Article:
Monday, January 31, 2011

Asia - part the 2nd. And together

Greetings friends and family -

We're once again traveling together! This installment of Transcontinental finds us on another low-budget, high-impact, great photo-op-filled journey thru Southern China & Southeast Asia. In fact, I'm finally able to update here at 2315 on 31 January (local time) - live from sunny, tropical Saigon, Vietnam!!

Unfortunately during the first part of our journey, we were stuck behind the Great fireWall of China. Aka - no facebook (gasp!) & worse, no blogspot, or any blogs for that matter...

Also... I admit, I forgot the cable connecting my camera to USB in the US - so I am currently unable to upload my dozens(squared) of photos either!! That said, stay tuned here and we'll at least keep you posted of our goingson, even if without the visual aids at first.

Thanks for reading! Tell your friends!
-Tim P

Bogota - without the altitude sickness!!

June 2008. Bogota, Colombia.

I don't know much what to say about Bogota. The capital city deserves so much more time than the few days I was able to spend there - while I enjoyed lots of what this magnificent City has to offer a traveler (and with family!), I also missed so much of its diverse mash-up of all of Colombia's culture, arts, and food found here due to the brevity of my visit.   So for more proper commentary sprinkled throughout the post, I defer my words here to that of fellow traveler and friend, Matt Morrison - I only asked for his raw thoughts on the place.

Fog over mountain over coffee. Central Range (locally known as Cordillera Central), Colombia.

On the Central Range, a fog-laden mountain valley along the road from Cali to Bogota. Colombia.

Receding mountain fog on overland approach to Bogota, nestled in Colombia's Eastern Range. Colombia.

Another view of the Eastern Range, on approach to Bogota, Colombia.

"...Bogota was a strange combination of rich and poor. There was extremely affluent areas mixed in with people who need to choose which bills to pay. ...there was a strong reminder of how Bogota used to be (extremely crime ridden) in that every house is heavily protected by locks and gates. However I felt pretty safe there."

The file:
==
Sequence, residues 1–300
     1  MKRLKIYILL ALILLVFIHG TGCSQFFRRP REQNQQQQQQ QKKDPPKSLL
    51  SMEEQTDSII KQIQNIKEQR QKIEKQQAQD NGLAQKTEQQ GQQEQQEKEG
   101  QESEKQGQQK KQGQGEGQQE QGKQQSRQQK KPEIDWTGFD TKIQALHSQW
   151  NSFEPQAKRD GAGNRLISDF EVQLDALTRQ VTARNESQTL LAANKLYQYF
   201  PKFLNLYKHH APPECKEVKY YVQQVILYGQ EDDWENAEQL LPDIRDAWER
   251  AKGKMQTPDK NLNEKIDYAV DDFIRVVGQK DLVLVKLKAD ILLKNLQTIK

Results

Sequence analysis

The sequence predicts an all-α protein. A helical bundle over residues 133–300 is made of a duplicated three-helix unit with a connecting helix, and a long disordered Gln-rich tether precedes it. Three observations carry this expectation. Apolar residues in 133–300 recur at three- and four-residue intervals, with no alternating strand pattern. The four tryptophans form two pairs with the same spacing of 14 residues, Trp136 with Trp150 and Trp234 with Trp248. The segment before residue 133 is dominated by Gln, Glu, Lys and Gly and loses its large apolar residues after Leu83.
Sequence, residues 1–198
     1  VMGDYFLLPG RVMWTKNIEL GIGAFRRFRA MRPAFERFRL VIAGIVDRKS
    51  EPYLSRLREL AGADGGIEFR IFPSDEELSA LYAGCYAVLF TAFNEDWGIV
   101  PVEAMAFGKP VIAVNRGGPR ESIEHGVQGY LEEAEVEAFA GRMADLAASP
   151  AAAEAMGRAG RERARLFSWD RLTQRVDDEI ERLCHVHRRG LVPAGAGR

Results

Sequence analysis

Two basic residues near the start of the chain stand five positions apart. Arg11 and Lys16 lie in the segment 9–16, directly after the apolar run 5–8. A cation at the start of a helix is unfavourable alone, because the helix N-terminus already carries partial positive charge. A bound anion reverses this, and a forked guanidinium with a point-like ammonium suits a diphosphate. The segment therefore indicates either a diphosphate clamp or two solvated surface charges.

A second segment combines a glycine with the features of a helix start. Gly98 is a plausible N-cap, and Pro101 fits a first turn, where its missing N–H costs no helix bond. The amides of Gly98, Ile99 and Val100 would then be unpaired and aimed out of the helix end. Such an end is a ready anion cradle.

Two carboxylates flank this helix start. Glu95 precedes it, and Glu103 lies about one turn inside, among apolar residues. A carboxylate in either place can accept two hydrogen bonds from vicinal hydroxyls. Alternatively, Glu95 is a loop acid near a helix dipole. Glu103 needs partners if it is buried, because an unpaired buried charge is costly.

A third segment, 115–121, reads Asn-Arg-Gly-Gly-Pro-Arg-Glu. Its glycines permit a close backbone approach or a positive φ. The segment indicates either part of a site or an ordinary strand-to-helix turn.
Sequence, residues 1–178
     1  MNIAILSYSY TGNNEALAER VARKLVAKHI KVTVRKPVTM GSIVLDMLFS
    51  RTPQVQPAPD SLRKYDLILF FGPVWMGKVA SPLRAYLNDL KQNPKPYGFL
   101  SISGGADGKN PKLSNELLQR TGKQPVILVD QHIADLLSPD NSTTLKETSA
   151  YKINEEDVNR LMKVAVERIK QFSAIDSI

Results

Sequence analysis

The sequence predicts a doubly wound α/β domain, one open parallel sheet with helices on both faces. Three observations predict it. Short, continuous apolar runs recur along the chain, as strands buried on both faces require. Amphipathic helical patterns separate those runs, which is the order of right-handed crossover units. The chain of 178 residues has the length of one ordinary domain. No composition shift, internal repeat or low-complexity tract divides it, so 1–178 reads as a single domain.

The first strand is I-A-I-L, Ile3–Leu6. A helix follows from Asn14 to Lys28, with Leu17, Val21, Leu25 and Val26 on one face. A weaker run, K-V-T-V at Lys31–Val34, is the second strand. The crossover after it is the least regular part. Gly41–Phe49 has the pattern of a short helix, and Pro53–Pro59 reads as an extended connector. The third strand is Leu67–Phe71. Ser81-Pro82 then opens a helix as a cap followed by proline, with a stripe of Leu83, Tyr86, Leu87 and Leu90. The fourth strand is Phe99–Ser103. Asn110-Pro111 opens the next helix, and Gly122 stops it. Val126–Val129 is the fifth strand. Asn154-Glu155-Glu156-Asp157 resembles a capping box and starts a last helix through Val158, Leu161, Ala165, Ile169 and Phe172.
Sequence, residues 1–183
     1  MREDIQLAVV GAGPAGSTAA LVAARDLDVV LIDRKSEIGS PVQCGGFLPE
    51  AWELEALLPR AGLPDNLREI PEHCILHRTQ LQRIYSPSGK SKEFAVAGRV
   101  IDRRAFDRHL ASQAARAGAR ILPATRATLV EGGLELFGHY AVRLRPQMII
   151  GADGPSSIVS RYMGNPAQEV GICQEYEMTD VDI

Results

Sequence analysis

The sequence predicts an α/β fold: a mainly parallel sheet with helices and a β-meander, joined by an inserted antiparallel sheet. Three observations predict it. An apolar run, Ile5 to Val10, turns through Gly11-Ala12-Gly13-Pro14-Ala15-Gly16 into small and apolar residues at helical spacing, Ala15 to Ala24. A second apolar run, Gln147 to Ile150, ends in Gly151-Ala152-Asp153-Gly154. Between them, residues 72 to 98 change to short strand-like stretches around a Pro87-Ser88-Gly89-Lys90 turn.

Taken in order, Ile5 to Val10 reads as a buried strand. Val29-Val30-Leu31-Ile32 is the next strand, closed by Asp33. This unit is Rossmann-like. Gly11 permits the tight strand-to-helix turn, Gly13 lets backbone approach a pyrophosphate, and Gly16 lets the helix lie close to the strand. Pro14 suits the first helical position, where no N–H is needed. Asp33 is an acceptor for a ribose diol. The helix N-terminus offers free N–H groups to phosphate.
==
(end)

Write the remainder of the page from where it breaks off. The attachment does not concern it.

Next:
Tiny sliver of the valley plain that is Bogota, Colombia.

Align CenterAnother sliver of the city, at night. Like it goes on forever... Bogota, Colombia.

Another favorite photo - Bolivar Sqaure, skirted by la Catedral Nacional. Bogota, Colombia.

Colombian flag, cathedral, rainbow, Monserrate - view from La Candelaria. Bogota, Colombia.

In colonial style - la Casa de la Moneda - the old Mint in la Candelaria. Bogota, Colombia

So it's not just in the U.S., folks. Bogota, Colombia.

Escopetarra - "guitarifle' - from National Police Museum. Bogota, Colombia.

From rooftop of National Police Museum - orginal art & view of Monserrate. Bogota, Colombia.

I've forgot the artist and the title, yet it remains one of my most favorite paintings ever - Judgment Day; and its enormous. Note one of first-ever painted images of the female Succubus demon, bottom-right. Bogota, Colombia.

Main stairway entrance to Biblioteca Nacional - very democracy-themed. Look close... Bogota, Colombia.

Fernando Botero's many works were characterized by a style that has been often mimicked, but never duplicated, and often with a political glint. Here, a pictoral jest at a particular lady of means, and the aristocracy in general. Botero Museum, Bogota, Colombia.

An early draft of work supposedly incomplete. The style clarifies later.. Botero Museum, Bogota, Colombia.

A haunting yet jovial musician, playing. Botero Museum, Bogota, Colombia.

A clear political slant - finished after the documented massacre of peasant workers' assembly. Botero Museum, Bogota, Colombia.

Pueblo after an earthquake. Botero Museum, Bogota, Colombia.

House thief. Botero Museum, Bogota, Colombia.

One of my favorite Botero pieces - his Reclining Venus. Botero Museum, Bogota, Colombia.

Another favorite of mine - quirky smile & all. A fine study of Botero's prowess in his own style. Botero Museum, Bogota, Colombia.

Amazing study in the style of Botero. Botero Museum, Bogota, Colombia.

Aside from Botero works, the museum also included some works by his collaborators and visiting artist-friends.  Here, one of my own all-time favorites by Picasso - self-portrait.

"In [the city]... are so many beautiful parts. The old national cathedral next to the government buildings; that square is really cool. There's also la Candelaria and some really cool public places (the library, fields, etc.) that you can just go and chill.
What was strange is the weather and the temperature. It's a city in the mountains and it's either raining or not raining. It felt as though it were fall all the time."

The lone window-washer. I don't know the cathedral's name.. Bogota, Colombia.